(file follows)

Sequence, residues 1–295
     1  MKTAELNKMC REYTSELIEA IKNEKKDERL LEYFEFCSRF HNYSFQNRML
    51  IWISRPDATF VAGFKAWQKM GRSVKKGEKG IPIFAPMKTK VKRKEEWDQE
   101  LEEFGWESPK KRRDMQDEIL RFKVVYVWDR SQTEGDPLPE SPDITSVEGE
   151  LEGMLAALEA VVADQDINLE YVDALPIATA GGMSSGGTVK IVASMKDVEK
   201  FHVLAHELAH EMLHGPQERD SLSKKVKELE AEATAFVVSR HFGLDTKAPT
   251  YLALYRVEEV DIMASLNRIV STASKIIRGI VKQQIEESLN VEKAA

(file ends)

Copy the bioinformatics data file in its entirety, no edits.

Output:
Sequence, residues 1–295
     1  MKTAELNKMC REYTSELIEA IKNEKKDERL LEYFEFCSRF HNYSFQNRML
    51  IWISRPDATF VAGFKAWQKM GRSVKKGEKG IPIFAPMKTK VKRKEEWDQE
   101  LEEFGWESPK KRRDMQDEIL RFKVVYVWDR SQTEGDPLPE SPDITSVEGE
   151  LEGMLAALEA VVADQDINLE YVDALPIATA GGMSSGGTVK IVASMKDVEK
   201  FHVLAHELAH EMLHGPQERD SLSKKVKELE AEATAFVVSR HFGLDTKAPT
   251  YLALYRVEEV DIMASLNRIV STASKIIRGI VKQQIEESLN VEKAA